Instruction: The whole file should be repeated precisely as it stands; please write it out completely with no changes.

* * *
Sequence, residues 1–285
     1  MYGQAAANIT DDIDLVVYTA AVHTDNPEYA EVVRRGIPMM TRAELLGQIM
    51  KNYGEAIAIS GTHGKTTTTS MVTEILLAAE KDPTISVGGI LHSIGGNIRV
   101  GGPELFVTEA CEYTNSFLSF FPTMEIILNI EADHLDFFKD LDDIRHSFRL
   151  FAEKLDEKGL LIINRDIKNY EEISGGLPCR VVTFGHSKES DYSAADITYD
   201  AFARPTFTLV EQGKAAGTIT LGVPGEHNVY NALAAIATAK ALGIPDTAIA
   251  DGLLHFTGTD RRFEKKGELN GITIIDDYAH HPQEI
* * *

Sequence, residues 1–285
     1  MYGQAAANIT DDIDLVVYTA AVHTDNPEYA EVVRRGIPMM TRAELLGQIM
    51  KNYGEAIAIS GTHGKTTTTS MVTEILLAAE KDPTISVGGI LHSIGGNIRV
   101  GGPELFVTEA CEYTNSFLSF FPTMEIILNI EADHLDFFKD LDDIRHSFRL
   151  FAEKLDEKGL LIINRDIKNY EEISGGLPCR VVTFGHSKES DYSAADITYD
   201  AFARPTFTLV EQGKAAGTIT LGVPGEHNVY NALAAIATAK ALGIPDTAIA
   251  DGLLHFTGTD RRFEKKGELN GITIIDDYAH HPQEI